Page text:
NAQC just learned that the US Government’s request for an appeal in the graphic warning label case has been denied. The U.S. Justice Department now will determine whether or not to appeal to the Supreme Court. As discussed below, the government has 90 days to make a decision. If it decides to make an appeal to the Supreme Court, it will be the last opportunity to gain approval to move forward with graphic warnings. These two stories provide background on the court’s decision. We will keep you updated as more information becomes available.
Appeals court won't reconsider graphic tobacco warning labels
This combo made from file images provided by the U.S. Food and Drug Administration shows two of nine new warning labels cigarette makers would have had to use by the fall of 2012.
RICHMOND, Va. An appeals court on Wednesday denied the federal government's request to reconsider a decision blocking a requirement that tobacco companies put large graphic health warnings on cigarette packages to show that smoking can disfigure and even kill people.
In its filings, the U.S. Court of Appeals in Washington, D.C., did not provide any reason denying the request for the full court or a panel to rehear the case.
In August, a three-judge panel affirmed a lower court ruling blocking the Food and Drug Administration mandate, saying it ran afoul of the First Amendment's free speech protections.
A Justice Department spokesman declined to comment. The government has 90 days to appeal the decision to the U.S. Supreme Court.
Some of the nation's largest tobacco companies, including R.J. Reynolds Tobacco Co., sued to block the mandate to include warnings to show the dangers of smoking and encouraging smokers to quit lighting up. They argued that the proposed warnings went beyond factual information into anti-smoking advocacy. The government argued the photos of dead and diseased smokers are factual.
The nine graphic warnings proposed by the FDA include color images of a man exhaling cigarette smoke through a tracheotomy hole in his throat, and a plume of cigarette smoke enveloping an infant receiving a mother's kiss. These are accompanied by language that says smoking causes cancer and can harm fetuses. The warnings were to cover the entire top half of cigarette packs, front and back, and include the phone number for a stop-smoking hotline, 1-800-QUIT-NOW.
Tobacco companies increasingly rely on their packaging to build brand loyalty and grab consumers - one of the few advertising levers left to them after the government curbed their presence in magazines, billboards and TV.
The appeals court panel in August wrote that the case raises the question of whether the government can force the manufacturer of a product to go beyond making purely factual and accurate disclosures and undermine its own economic interest - in this case, by making "`every single pack of cigarettes in the country (a) mini billboard' for the government's anti-smoking message." It wrote that the FDA "has not provided a shred of evidence" showing that the warnings will "directly advance" its interest in reducing the number of Americans who smoke.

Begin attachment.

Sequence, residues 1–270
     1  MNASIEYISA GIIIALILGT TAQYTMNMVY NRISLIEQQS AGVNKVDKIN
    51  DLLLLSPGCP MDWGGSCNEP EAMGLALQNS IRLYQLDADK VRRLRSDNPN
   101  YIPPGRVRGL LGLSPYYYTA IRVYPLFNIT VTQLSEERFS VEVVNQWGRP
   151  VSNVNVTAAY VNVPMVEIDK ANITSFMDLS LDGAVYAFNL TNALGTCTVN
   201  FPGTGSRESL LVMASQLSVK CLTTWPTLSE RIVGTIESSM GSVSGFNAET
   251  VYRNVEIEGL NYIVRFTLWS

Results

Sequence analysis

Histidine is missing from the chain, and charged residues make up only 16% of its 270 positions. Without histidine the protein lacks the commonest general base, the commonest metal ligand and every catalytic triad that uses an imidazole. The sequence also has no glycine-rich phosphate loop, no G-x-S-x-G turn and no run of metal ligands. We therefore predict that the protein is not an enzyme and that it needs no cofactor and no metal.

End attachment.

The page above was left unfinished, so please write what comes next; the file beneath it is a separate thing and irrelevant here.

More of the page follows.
But the government argued in its appeal for rehearing that the text of the new warnings are "indisputably accurate" and the format, including the use of graphics, is tailored to the demand of a "market in which the vast majority of users become addicted to a lethal product before age 18." It also argued that the First Amendment does not require the government to show how one part of a multi-faceted anti-smoking public health campaign directly reduces smoking rates.
Warning labels first appeared on U.S. cigarette packs in 1965, and current warning labels that feature a small box with text were put on cigarette packs in the mid-1980s. Changes to more graphic warning labels that feature color images of the negative effects of tobacco use were mandated in a law passed in 2009 that, for the first time, gave the federal government authority to regulate tobacco.
The share of Americans who smoke has fallen dramatically since 1970, from nearly 40 percent to about 19 percent. But the rate has stalled since about 2004, with about 45 million adults in the U.S. smoking cigarettes. It's unclear why it hasn't budged, but some market watchers have cited tobacco company discount coupons on cigarettes and lack of funding for programs to discourage smoking or to help smokers quit.
In recent years, more than 40 countries or jurisdictions have introduced labels similar to those created by the FDA. The World Health Organization said in a survey done in countries with graphic labels that a majority of smokers noticed the warnings and more than 25 percent said the warnings led them to consider quitting.
Joining North Carolina-based R.J. Reynolds, owned by Reynolds American Inc., and Lorillard Tobacco, owned by Lorillard Inc., in the lawsuit are Commonwealth Brands Inc., Liggett Group LLC and Santa Fe Natural Tobacco Company Inc.
Richmond, Va.-based Altria Group Inc., parent company of the nation's largest cigarette maker, Philip Morris USA, which makes the top-selling Marlboro brand, is not a part of the lawsuit.